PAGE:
Two Singapore meals: casual and fancy

November 5, 2016 • 12:45 pm

Here are two of the last meals I had in Singapore. The first was at a local roti joint near the Chin’s house. While Melissa’s parents were visiting relatives, she and I repaired to the joint for a casual meal of breadlike substances, which were excellent.

This is roti prata, a grilled bread (with cheese) served with a spicy chili sauce:


 Along with that we had a more substantial bread, murtabak, filled with egg and meat. It’s the Singaporean version of a Chicago deep-dish pizza, and it, like the roti, was excellent.

We also had mee goreng, a spicy dish of fried noodles and vegetables topped with an egg:


I washed it all down with a glass of bandung, an iced mixture of evaporated milk and rose syrup, which gives the drink a lovely pink color and unique (and appealing) taste.


For dessert we had tissue prata, a sweetened flatbread drizzled with condensed milk and sugar, and served standing upright. I didn’t take a photo, but this is what it looked like:


For my Last Supper in Singapore, Michael Chin treated us all to a wonderful seafood dinner at a very famous local chain: Long Beach, where the seafood is kept live in tanks and prepared on the spot:


There are tanks overcrowded with lobster from the U.S. (sad), and less crowded tanks with crabs and molluscs:



Three Pacific geoduck (pronounced “gooey-duck”), Panopea generosa—the largest burrowing mollusc in the world. The siphon, which can be up to a meter long, is used in various Asian dishes. Though we didn’t have it at Long Beach, I did eat it once in Vancouver at a gala Chinese dinner, served with black bean sauce. It was splendid, with a firm, clean taste like an abalone, only clammier.


Our table was set with various chili sauces. These often look similar but taste different, and each restaurant makes its own:


We started with meat: a delicious roast duck with shrimp chips and stir-fried greens.


Then fried rice with crab:


Crunchy fried baby squid:


And on to the evening’s highlight: crab. We had two. This is steamed crab. I’m not sure of the species, but it was great, with huge, meaty claws and substantial meat at the base of the legs:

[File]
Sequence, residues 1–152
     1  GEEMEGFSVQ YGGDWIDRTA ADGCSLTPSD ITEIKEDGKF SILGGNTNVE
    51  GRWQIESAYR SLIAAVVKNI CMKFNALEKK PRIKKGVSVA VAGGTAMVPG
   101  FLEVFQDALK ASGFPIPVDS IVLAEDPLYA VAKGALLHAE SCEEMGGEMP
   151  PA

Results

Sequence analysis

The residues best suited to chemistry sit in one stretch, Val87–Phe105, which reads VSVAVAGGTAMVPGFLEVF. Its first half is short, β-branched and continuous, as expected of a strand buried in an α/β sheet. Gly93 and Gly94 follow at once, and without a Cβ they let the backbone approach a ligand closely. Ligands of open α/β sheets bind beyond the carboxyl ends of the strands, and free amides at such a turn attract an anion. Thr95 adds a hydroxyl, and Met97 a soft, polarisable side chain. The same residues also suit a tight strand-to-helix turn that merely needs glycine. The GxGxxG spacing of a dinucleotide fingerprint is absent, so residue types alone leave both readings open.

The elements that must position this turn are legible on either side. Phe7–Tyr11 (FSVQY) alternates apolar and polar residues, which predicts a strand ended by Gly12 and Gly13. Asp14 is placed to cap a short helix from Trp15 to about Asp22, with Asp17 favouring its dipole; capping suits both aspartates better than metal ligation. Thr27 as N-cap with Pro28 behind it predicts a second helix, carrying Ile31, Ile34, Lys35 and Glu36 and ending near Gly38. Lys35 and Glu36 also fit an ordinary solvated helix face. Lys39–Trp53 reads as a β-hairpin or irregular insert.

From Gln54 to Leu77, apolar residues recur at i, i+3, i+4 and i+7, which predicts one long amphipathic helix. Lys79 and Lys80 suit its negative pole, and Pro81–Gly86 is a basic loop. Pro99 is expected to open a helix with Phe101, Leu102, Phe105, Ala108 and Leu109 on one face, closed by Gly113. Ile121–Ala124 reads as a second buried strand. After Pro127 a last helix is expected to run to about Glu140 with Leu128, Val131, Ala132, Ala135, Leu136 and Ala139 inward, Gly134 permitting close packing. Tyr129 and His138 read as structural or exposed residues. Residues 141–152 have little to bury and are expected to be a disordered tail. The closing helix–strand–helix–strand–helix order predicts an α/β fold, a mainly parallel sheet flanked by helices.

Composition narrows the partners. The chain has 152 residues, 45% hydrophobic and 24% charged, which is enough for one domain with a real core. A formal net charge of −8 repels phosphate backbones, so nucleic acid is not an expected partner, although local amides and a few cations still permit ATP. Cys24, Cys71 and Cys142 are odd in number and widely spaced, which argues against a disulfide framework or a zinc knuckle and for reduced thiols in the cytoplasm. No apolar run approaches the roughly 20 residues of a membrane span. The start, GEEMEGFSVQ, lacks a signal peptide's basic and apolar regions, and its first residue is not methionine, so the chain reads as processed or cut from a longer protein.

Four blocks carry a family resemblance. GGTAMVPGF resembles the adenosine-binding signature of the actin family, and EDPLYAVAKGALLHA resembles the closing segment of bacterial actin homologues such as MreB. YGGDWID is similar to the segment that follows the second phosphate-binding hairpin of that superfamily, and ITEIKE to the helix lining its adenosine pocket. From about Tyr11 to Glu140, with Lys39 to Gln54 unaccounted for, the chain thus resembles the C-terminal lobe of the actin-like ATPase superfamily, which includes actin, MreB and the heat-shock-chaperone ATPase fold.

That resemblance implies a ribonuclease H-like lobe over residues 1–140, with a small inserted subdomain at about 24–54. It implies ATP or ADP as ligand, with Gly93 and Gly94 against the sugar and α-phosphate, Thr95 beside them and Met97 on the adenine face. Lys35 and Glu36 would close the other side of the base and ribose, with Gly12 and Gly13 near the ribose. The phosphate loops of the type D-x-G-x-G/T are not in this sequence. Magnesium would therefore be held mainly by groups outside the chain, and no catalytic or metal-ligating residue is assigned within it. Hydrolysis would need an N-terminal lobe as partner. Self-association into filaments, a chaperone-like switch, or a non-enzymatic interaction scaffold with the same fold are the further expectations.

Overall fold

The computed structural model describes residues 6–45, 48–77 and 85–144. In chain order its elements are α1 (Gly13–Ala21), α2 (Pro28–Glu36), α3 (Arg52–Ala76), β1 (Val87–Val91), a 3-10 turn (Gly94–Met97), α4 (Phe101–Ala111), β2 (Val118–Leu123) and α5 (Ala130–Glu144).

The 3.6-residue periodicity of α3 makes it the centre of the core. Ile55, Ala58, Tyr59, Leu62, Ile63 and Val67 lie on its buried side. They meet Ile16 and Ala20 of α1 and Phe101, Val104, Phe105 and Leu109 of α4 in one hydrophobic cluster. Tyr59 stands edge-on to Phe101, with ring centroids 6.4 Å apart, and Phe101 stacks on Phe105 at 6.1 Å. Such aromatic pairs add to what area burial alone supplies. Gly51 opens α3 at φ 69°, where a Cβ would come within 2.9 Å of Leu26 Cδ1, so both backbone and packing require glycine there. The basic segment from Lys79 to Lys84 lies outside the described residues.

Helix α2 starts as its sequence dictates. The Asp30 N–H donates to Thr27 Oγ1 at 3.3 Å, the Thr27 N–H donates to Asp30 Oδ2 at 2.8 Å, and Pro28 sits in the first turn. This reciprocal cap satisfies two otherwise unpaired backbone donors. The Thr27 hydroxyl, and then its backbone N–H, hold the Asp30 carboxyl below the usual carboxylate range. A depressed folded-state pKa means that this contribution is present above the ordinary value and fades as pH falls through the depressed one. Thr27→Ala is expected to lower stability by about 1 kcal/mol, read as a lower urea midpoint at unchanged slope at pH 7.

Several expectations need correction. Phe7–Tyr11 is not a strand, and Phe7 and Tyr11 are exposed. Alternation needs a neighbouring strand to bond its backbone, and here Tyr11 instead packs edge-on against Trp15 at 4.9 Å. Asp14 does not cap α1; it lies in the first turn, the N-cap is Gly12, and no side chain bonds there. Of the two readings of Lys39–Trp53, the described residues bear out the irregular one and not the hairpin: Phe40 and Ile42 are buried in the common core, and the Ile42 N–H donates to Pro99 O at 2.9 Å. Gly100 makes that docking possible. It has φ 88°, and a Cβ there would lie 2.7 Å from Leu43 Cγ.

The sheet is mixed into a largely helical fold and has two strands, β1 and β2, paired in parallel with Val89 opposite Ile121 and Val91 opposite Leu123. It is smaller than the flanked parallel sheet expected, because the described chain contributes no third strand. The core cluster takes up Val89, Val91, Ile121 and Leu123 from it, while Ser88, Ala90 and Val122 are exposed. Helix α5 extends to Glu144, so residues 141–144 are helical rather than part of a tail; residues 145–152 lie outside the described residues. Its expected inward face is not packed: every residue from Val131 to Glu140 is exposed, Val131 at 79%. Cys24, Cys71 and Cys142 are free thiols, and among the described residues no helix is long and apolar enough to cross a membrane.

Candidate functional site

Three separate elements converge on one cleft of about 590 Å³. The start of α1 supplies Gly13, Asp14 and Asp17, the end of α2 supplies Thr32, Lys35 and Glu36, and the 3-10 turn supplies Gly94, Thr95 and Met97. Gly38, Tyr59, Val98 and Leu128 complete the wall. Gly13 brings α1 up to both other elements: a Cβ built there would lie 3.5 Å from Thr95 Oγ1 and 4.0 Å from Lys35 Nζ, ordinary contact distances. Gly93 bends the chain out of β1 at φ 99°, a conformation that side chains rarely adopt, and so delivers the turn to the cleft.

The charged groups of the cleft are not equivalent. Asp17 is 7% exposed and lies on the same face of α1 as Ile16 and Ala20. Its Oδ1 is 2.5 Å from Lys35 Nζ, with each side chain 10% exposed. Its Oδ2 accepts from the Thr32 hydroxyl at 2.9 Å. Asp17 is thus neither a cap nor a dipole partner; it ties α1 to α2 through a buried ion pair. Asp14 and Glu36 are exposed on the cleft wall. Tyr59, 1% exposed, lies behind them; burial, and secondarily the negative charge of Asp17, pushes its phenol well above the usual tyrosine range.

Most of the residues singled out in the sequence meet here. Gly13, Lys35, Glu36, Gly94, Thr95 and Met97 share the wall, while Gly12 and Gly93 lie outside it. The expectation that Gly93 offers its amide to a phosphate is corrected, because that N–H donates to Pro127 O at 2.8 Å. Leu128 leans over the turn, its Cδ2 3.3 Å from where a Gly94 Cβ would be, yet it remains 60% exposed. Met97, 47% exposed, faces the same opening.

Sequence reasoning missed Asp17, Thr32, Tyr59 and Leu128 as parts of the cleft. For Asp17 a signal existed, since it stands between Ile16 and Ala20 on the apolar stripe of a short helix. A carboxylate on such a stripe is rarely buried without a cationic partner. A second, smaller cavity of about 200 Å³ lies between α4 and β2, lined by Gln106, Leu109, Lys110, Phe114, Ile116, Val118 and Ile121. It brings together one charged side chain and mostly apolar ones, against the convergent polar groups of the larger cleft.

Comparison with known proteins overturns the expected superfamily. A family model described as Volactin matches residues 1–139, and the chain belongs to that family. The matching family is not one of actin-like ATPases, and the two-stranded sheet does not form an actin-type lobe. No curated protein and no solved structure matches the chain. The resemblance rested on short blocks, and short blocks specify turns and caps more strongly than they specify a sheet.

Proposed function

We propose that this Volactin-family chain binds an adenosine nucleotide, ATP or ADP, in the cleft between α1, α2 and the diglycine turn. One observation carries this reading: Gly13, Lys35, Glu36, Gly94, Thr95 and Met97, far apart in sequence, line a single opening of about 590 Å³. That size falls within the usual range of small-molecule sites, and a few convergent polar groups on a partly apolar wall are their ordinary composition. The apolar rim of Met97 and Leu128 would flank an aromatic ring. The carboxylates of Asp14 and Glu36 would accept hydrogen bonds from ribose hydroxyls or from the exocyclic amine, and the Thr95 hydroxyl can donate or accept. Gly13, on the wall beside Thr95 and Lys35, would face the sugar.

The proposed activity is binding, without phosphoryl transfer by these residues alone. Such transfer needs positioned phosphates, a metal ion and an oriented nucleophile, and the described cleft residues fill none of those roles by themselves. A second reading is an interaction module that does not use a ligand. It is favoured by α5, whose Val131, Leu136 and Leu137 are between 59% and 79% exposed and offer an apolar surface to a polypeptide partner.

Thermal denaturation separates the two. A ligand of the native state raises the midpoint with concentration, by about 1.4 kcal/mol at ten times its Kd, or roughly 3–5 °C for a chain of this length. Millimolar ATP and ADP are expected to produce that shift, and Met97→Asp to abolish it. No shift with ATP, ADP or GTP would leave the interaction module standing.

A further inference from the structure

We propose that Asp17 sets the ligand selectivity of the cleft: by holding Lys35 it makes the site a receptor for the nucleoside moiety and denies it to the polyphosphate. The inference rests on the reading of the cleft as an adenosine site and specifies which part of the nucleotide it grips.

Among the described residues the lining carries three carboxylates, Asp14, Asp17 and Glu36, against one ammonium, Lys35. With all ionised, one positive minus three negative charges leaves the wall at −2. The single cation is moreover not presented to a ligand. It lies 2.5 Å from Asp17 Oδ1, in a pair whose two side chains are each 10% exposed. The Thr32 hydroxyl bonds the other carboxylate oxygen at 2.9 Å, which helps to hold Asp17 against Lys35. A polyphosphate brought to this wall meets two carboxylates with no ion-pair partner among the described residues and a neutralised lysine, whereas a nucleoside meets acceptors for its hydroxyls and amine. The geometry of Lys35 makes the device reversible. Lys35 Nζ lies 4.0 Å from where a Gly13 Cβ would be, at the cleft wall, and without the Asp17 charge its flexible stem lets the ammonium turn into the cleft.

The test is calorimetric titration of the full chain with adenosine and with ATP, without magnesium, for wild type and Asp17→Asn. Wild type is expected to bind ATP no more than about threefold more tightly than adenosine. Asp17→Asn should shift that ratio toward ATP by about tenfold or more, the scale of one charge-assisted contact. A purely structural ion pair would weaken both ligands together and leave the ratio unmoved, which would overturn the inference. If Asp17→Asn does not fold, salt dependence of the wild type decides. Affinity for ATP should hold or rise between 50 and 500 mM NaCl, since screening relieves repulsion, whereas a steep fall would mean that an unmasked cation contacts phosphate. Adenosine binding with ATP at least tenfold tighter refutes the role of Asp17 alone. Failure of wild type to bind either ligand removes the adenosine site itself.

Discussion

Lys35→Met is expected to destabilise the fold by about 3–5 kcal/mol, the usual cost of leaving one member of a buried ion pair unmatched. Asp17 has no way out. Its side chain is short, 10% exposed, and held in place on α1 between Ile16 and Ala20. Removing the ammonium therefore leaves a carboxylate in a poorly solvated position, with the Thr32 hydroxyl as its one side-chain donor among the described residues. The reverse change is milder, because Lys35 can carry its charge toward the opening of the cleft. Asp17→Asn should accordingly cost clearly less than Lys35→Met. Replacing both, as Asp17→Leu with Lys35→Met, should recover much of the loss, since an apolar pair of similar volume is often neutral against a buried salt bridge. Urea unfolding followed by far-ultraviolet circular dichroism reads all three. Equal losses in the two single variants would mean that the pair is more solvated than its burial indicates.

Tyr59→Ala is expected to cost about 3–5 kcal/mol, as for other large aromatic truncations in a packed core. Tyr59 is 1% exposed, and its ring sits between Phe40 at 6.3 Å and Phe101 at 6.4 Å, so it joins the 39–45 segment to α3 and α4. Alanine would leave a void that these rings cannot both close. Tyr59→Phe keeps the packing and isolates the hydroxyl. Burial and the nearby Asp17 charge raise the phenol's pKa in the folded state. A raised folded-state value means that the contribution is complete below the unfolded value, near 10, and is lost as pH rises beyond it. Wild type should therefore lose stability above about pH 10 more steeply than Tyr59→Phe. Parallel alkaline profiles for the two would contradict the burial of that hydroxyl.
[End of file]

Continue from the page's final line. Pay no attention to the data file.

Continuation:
And the highlight of highlights: the classic Singapore dish chili crab, a huge crustacean cooked in a fantastic sauce of tomato, garlic, chili, and eggs. Fried buns were served on the side to sop up the sauce, which is a treat in itself, but even more so when slopped atop a big hunk of crab or the soft innards of a bun. This was truly one of the best dishes I’ve eaten in my life. It is not cheap, but life is short!

Four sated diners: Michael, Annie, Melissa, and I.


And so endeth my culinary adventures in Singapore. They were fantastic, and I don’t think I missed a single one of the country’s signature dishes.

But a new adventure has begun: Hong Kong. I’ve already spent two days here, and this morning went to one of the city’s renowned dim sum parlors, to be described (with photos) in a later post.

Many thanks again to Michael, Annie, and Melissa for their ultra-warm hospitality and kindness.

13 thoughts on “Two Singapore meals: casual and fancy

  1. Yes!

    Tissue prata and crunchy squid intrigue. As does the geoduck.

    Stuffed flatbreads are fairly easy to do and soooooo good. Socca/farinata (made with chickpea/gram flour) work well also as stuffed flatbreads.

  2. Well, there’s cultural misappropriation for you: Murtabak is a Singaporean version of a Chicago deep-dish pizza!

    But pleased to see that PCC(E) got to taste the “iconic” disk of chilli crab. I was concerned he was going to miss out on that. Personally, I prefer pepper crab – same type of large crab, normally from Sri Lanka, but cooked with copious quantities of freshly ground black pepper. Better still is Teochew-style cold crab which uses a different species of crab with a much creamier texture and is served, as you may imagine, cold after being left for several hours for the flavour to intensify (but that’s not a dish that originated in Singapore).

  3. I’m loving all the crab pics, but I must confess to some regional preference. The best crab is served on newspaper, with a hammer, and if your fingers don’t sting from all the old bay, it’s not spiced enough.

  4. I live in a small Oklahoma town, but we have an amazingly good Mexican restaurant, and I just had a mondo big burrito for lunch. And these pictures have made me hungry again. This stuff looks wonderful.

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